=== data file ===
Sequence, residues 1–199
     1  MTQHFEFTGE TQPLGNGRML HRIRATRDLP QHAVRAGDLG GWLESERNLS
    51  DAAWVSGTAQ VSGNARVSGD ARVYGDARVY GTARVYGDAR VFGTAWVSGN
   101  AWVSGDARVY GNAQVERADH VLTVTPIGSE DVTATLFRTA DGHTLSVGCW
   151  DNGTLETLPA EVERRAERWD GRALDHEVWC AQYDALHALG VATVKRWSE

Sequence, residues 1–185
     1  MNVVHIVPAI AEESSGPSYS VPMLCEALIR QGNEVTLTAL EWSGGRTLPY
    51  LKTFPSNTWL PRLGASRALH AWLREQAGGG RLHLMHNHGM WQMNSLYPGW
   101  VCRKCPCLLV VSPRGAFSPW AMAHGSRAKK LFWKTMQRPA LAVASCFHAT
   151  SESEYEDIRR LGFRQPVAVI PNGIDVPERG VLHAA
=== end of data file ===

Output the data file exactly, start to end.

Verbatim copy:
Sequence, residues 1–199
     1  MTQHFEFTGE TQPLGNGRML HRIRATRDLP QHAVRAGDLG GWLESERNLS
    51  DAAWVSGTAQ VSGNARVSGD ARVYGDARVY GTARVYGDAR VFGTAWVSGN
   101  AWVSGDARVY GNAQVERADH VLTVTPIGSE DVTATLFRTA DGHTLSVGCW
   151  DNGTLETLPA EVERRAERWD GRALDHEVWC AQYDALHALG VATVKRWSE

Sequence, residues 1–185
     1  MNVVHIVPAI AEESSGPSYS VPMLCEALIR QGNEVTLTAL EWSGGRTLPY
    51  LKTFPSNTWL PRLGASRALH AWLREQAGGG RLHLMHNHGM WQMNSLYPGW
   101  VCRKCPCLLV VSPRGAFSPW AMAHGSRAKK LFWKTMQRPA LAVASCFHAT
   151  SESEYEDIRR LGFRQPVAVI PNGIDVPERG VLHAA